The importance of Story Telling ?

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The importance of Story Telling ?

Postby admin » Sun Jul 30, 2017 9:51 am

I have been having this discussion on another forum , thought you might be interested.

Can we know what the old languages actually sound like ? can we deduce the phonetics that came to modern times and hoping that they sound something like the original.

In other words for exmple some of the sounds of words used today can not be traced back becuase no ear in modern times has heard how they were pronounced.

Still, there may have been a hidden line of initiates from which the current version of the third degree appeared in about 1725. If so the modern phonetics might be quite good.


No one has any special knowledge of the Old Egyptian / Hebrew / Arabic spoken word. The only system that can show causal links on phonics is the spoken word. We have lost the story telling traditions, which would maintain the original sounds.

Those civilizations that have maintained them create some interesting factoids. Mongolia stories tell of the origins of the North American Indian.

Mongol Warrior
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North American Indian
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Re: The importance of Story Telling ?

Postby Trouillogan » Sun Jul 30, 2017 10:04 am

Quite right, we cannot tell with any certainty how these ancient languages sounded, particularly, as when reduced to writing, vowels were not indicated. However, in speech, the natural transitional sound between consonants can give clues and when poetical passages are recognised, further extrapolation is possible. Researches along those lines can, it is thought, result in reconstruction of the phonetics.
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Re: The importance of Story Telling ?

Postby MrBenn » Mon Jul 31, 2017 3:08 pm

We can't even tell what english sounded like from before sound recordings - we have some form of narrative records but they don't necessarily demonstrate the actual sounds

One only has to look at the observations regarding the spread of 'estuary english' to see how malleable language and culture are
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Re: The importance of Story Telling ?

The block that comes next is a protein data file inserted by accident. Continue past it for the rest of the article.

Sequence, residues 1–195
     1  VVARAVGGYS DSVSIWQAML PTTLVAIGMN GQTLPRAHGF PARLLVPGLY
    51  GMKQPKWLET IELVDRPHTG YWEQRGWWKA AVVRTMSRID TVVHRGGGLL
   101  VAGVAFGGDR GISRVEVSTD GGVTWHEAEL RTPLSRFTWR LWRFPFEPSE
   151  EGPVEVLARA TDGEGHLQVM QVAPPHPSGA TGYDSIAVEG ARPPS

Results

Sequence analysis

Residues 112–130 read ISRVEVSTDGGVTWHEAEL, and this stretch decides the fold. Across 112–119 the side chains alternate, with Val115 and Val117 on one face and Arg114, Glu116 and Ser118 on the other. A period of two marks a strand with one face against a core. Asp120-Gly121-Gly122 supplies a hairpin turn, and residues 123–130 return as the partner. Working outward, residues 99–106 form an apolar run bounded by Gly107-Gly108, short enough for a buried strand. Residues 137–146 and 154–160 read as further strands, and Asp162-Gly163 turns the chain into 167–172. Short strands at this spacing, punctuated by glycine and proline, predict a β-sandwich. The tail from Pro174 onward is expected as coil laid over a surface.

Postby Trouillogan » Tue Aug 01, 2017 11:20 am

It also depends on what you mean by 'English'. Even now, it is hard for a conversation to take place between a Geordie and a Celtic Cornishman (let's not even try to bring in Scots Gaelic!). A few generations ago that would be virtually impossible. With travel being so difficult, dialects flourished. Hence for those in this country who needed to communicate on important matters, the lingua franca was another language entirely; a version of Parisian French and before then Norman French was the language of legal documents, while the church used Latin. Today, our researchers can approximate the sounds of those and more ancient languages but with less certainty the further back we go.
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Re: The importance of Story Telling ?

Postby admin » Tue Aug 01, 2017 8:48 pm

I have often wondered if some of the old songs or rhymes may hold some clues.

Such as Ring a ring a Rosie

There must be hundreds.
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Re: The importance of Story Telling ?

Postby Peter Taylor » Wed Aug 02, 2017 11:26 am

admin wrote:I have often wondered if some of the old songs or rhymes may hold some clues.

Such as Ring a ring a Rosie

There must be hundreds.


Like, "I'll tell me Ma!" that well know Irish folk song, but is actually an English children's' song from the 19th century. Several folk songs and in particular children's school ground songs tell various stories of the time, but have been stolen by well know folk artists who have turned them into what people now believe to be "traditional" and their meaning has changed. Other notable songs like "Dirty Old Town" and "The Wild Rover" have also been adopted as traditional Irish, but far from it.
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Re: The importance of Story Telling ?

Postby eckywan2 » Mon Aug 07, 2017 1:49 pm

I'm friendly with a brother from France who is a catholic priest now in semi retirement as the senior priest in a famous town.
Prior to that he spend years working in Vaticans secret libraries very aware of this as a problem and being very knowledgeable about all those old languages but NOT how they sounded
Ive a son working ifn Registar House, Scotland 's record of old property deals etc who can read 3,or 400 year old docs quite easily
but often wondered how people actually sounded then
Then going back to Schaw Statutes of 1598 and 1599 words like Premier have different meanings
( although 219 years later when England established its G L it called its new operation the Premier GL !!)
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